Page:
Photos: 4 Day Trips From Paris

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The lovely little town of Giverny looks almost as if it were frozen in time.
There are no original Claude Monet paintings at Giverny, but fans come here to see his collection of more than 200 Japanese estampes (woodblock prints) and to commune with the "living art" that inspired Monet's Waterlilies series of paintings.
The tranquil water gardens at Giverny, framed by wildflowers and traversed by a Japanese footbridge, were built by Monet himself and provided the inspiration for his most famous Impressionist works.
Andrew Horne/Wikimedia Commons
Monet's home in Giverny is open to visitors and includes a backyard henhouse that helped to sustain his family of 10.
Spedona/Wikimedia Commons
Place Drouet d'Erlon in the city of Reims, which is famous for both coronations and Champagne.
Courtesy M. Jolyot OT Reims
Reims and the surrounding countryside where Champagne is cultivated.
Courtesy F. Canon OT Reims
Twenty-six French monarchs have been crowned at the Cathédrale de Reims, and the hundreds of statues contained within the Gothic masterpiece present a wonderful crash course in French history.
Courtesy F. Canon OT Reims
Stop at the Pommery Champagne house to get a clear explanation of production methods, a glimpse at the chalk caves that now host art exhibitions, and a tasty coupe at the end of the one-hour tour.
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A rose window in the nave of the Cathédrale de Reims.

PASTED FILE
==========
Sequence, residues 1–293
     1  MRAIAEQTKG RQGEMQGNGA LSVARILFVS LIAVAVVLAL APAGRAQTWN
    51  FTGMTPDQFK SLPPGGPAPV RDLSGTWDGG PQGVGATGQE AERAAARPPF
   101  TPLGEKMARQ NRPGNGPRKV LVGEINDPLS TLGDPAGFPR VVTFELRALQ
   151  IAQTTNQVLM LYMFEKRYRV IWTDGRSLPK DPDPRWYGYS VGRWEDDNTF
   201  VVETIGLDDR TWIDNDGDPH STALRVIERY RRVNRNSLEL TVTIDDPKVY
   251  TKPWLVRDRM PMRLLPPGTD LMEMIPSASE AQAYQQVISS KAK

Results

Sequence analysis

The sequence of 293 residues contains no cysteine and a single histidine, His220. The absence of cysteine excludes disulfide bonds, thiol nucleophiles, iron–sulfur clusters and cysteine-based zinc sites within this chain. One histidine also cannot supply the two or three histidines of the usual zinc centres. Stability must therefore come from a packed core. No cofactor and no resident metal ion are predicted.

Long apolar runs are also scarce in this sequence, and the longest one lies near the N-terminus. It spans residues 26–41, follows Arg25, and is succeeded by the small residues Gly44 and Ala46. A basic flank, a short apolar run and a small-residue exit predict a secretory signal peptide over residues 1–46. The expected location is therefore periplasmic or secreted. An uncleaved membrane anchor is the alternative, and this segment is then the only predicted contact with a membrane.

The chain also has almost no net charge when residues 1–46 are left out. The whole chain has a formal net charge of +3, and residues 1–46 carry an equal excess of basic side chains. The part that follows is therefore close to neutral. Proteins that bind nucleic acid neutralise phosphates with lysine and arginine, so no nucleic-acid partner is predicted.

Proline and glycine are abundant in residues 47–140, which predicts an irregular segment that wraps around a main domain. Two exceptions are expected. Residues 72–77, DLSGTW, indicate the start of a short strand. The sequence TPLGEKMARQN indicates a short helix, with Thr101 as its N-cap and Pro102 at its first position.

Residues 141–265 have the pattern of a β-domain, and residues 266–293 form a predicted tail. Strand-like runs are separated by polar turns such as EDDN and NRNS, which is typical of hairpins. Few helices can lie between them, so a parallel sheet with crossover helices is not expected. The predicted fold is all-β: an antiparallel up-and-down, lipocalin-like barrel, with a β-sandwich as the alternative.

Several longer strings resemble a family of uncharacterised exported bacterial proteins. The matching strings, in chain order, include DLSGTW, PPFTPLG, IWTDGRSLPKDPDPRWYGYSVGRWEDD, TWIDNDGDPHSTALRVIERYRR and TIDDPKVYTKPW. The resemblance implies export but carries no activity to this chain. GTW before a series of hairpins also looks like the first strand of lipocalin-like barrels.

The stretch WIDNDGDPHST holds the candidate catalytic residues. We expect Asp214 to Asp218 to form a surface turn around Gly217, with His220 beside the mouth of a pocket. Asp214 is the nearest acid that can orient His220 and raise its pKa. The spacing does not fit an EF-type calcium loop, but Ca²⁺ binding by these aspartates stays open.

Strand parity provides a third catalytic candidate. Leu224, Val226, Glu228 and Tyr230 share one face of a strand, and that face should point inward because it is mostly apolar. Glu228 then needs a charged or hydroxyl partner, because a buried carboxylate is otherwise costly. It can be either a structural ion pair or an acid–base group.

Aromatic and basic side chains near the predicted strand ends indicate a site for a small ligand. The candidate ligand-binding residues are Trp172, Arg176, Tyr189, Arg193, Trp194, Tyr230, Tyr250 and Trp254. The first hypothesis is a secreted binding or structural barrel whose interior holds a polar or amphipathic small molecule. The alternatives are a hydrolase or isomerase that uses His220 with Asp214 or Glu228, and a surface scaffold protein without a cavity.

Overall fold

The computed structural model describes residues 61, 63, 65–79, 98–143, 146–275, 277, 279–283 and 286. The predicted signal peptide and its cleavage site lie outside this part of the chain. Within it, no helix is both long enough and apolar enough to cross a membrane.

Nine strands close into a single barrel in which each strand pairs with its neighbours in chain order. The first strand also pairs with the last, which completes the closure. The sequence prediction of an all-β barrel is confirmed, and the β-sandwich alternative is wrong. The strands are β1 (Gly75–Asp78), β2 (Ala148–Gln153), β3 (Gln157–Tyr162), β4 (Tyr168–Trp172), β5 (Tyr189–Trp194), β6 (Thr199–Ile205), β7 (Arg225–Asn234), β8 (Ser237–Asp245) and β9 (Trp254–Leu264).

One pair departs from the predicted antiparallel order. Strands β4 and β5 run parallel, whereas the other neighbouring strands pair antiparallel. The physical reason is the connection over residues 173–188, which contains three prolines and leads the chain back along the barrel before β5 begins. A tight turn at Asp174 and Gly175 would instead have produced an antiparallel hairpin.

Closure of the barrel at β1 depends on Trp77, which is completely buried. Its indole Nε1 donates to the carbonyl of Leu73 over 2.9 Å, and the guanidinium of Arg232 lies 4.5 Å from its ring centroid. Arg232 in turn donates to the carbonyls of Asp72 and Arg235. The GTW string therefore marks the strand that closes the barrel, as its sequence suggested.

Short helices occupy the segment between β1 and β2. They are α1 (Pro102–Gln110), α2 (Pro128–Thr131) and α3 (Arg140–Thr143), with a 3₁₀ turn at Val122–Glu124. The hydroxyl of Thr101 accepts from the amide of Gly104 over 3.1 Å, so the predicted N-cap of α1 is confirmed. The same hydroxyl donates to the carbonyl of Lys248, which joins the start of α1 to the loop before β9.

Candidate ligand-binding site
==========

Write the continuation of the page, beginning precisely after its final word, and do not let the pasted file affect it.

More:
Vassil/Wikimedia Commons
The opulent Château de Versailles, which brought glory to the "Sun King" Louis XIV and bankruptcy to the French state, still has the power to command respect and awe.
The gardens at Versailles, created by the continent's most famous landscape designers, are dotted with fountains, statues, and neatly delineated paths.
The Potager du Roi (once the palace kitchen's fruit and vegetable garden) and the Cathédrale Saint-Louis de Versailles.
Grand Trianon, a favorite royal spot for entertaining guests at Versailles.
Kallgan/Wikimedia Commons
Versailles is most crowded on Tuesday (when many Paris museums are closed) and Sunday, and between the hours of 10 a.m.–1 p.m.; an afternoon visit means fewer tourists.
Alberto Lazzarato/Wikimedia Commons
The streets in Dijon's old quarter—which are named after merchants' trades and lined with half-timbered houses—make for some appealing wandering along cobblestoned paths.
David Monniaux/Wikimedia Commons
Place de la Libération, a main square in Dijon.
Arnaud 25/WikiMedia Commons
Quaint half-timbered buildings are common in Dijon's old quarter.
Arnaud 25/WikiMedia Commons
  Rue de la Liberté in Dijon, the gateway to the Côte d’Or, the so-called gold coast named after the pricey Burgundy wine that is cultivated just south of the city.
David Monniaux/Wikimedia Commons

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